E.U. Court: Search Engines Must Remove Links on Request
BRUSSELS — In directive that likely will have wide ramifications, European Union's highest court ruled Tuesday that individuals can ask search engines to remove links to news articles, court cases, legal judgments and other documents in search results for their name.
Tuesday's ruling by the European Court of Justice only affects search results, and not the original article or website. The court's decision is final and cannot be appealed.
Search operators won't have to comply with every request to stop linking to certain pieces of information, according to the Luxembourg-based court. But if they don't comply, individuals can ask their national data-protection authorities to order the links to that information to be deleted.
The court reasoned in the case that because search results linked to a person's name have such a huge impact on people's lives, they should have the right to get certain material removed and "be forgotten." But the court left open possible alternative interpretations in setting broad parameters of what would be an allowable request.
"This balance may, however, depend, in specific cases, on the nature of the information in question and its sensitivity for the data subject's private life," the court said in a case that was in response to a request for guidance on E.U. privacy laws from a court in Spain.
The court in Spain asked the European Court of Justice to settle a conflict that pitted Google versus Spain's data-protection regulator, which had to assess 180 cases brought by individuals upset with search results relating to their names for various reasons.
The decision contradicts the position of the European Union's advocate general, who offered an opinion last year. The opinion said search operators were under no obligation to honor take-down link requests.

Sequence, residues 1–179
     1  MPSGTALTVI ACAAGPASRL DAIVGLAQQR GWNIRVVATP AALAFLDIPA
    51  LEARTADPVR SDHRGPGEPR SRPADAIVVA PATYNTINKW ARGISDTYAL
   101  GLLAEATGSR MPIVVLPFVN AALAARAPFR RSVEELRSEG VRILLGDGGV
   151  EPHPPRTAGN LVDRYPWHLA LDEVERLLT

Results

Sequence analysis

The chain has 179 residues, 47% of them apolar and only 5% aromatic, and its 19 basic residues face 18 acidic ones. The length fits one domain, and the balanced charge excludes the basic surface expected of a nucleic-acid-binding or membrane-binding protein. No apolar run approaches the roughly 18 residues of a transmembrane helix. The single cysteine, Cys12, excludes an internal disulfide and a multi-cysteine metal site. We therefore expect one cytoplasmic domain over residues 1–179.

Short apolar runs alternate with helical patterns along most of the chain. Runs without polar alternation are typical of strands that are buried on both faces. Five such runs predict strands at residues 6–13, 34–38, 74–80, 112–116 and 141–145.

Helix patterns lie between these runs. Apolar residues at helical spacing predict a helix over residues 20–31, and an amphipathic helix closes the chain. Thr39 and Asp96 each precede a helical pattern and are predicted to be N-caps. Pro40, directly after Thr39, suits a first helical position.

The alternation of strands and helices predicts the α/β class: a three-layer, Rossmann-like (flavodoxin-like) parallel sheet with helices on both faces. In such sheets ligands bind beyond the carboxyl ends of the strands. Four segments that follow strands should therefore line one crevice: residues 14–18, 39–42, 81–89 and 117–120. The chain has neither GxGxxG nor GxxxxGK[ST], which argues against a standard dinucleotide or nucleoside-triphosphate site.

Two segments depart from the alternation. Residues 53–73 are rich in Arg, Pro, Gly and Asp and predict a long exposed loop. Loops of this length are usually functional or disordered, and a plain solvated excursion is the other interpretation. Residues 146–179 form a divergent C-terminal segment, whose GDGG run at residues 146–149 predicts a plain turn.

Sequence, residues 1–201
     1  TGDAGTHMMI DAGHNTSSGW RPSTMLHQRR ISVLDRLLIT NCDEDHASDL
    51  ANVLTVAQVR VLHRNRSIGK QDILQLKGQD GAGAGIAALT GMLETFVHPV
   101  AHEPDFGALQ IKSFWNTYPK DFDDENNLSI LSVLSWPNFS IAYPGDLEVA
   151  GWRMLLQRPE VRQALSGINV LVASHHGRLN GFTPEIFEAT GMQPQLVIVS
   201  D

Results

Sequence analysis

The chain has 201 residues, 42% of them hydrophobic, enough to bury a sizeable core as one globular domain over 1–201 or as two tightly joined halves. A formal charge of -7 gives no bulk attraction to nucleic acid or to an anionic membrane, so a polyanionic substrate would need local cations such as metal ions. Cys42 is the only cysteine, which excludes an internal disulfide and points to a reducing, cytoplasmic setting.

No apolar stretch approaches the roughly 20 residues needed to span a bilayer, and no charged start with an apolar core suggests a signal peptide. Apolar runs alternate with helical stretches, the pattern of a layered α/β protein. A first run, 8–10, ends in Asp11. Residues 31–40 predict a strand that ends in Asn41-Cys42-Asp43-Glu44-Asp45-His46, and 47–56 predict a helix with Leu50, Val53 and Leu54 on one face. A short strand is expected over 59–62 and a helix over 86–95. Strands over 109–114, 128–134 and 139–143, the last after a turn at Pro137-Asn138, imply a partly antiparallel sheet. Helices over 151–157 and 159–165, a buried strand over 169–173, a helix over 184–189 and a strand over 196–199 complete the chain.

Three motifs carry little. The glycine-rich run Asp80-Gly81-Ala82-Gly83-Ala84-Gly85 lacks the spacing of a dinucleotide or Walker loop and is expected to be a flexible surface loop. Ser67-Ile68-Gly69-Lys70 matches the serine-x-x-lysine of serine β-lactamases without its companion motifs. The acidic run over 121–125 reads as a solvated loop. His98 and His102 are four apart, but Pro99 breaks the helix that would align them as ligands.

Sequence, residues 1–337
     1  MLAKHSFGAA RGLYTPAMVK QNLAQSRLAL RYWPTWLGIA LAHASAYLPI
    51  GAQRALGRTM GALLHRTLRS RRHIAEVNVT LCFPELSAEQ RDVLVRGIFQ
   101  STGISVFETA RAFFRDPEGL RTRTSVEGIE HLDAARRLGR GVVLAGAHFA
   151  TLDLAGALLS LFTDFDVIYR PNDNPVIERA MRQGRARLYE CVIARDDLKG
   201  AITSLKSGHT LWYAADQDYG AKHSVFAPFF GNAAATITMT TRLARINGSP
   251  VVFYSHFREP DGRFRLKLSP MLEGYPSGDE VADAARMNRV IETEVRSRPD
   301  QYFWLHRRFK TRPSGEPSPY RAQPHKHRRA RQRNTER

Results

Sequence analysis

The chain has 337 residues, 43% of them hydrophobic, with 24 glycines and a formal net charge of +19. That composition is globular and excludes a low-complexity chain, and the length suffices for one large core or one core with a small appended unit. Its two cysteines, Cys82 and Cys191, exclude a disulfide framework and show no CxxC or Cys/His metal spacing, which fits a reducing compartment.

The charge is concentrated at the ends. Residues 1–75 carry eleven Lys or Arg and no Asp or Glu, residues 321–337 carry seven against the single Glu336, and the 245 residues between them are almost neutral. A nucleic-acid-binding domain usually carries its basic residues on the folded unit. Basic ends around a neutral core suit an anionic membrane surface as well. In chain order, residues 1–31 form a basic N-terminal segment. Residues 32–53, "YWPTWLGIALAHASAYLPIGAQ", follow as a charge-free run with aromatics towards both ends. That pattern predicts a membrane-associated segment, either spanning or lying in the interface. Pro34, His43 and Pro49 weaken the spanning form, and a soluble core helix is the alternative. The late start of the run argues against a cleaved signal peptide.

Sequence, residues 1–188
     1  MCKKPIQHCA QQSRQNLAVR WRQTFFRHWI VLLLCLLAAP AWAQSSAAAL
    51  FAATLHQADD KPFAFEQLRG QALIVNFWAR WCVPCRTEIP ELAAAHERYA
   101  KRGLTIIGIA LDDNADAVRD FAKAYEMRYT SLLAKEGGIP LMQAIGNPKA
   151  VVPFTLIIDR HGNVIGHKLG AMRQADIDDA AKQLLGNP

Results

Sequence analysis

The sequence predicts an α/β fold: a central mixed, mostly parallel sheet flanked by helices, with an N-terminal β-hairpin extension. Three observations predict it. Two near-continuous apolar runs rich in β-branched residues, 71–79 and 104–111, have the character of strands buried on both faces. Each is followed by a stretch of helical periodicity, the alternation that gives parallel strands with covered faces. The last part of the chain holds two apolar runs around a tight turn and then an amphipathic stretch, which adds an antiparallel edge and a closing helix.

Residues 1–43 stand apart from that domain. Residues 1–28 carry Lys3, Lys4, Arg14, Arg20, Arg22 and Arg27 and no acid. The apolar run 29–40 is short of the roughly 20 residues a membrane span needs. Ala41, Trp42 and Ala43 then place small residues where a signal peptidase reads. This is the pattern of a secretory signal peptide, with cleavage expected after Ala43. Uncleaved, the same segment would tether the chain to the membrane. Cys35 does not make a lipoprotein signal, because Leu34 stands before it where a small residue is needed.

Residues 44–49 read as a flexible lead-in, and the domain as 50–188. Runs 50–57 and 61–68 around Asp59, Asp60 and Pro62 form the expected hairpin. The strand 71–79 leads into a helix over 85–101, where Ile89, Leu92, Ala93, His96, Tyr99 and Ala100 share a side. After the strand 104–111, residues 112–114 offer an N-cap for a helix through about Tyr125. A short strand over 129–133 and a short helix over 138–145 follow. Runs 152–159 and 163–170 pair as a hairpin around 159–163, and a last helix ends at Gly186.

A Google spokesman told Wired today that “this is a disappointing ruling for search engines and online publishers in general."
"We are very surprised that it differs so dramatically from the advocate general’s opinion and the warning and consequences that he spelled out," the spokesman said. "We now need to take time to analyze the implications.”
On leave from her role as European Court of Justice commissioner, Judge Viviane Reding said on her Facebook page that today's judgement is "a clear victory for the protection of personal data of Europeans."
"Companies can no longer hide behind their servers being based in California or anywhere else in the world," she said. "No matter where the physical server of a company processing data is located, non-European companies, when offering services to European consumers, must apply European rules.
"The data belongs to the individual, not to the company. And unless there is a good reason to retain this data, an individual should be empowered — by law — to request erasure of this data."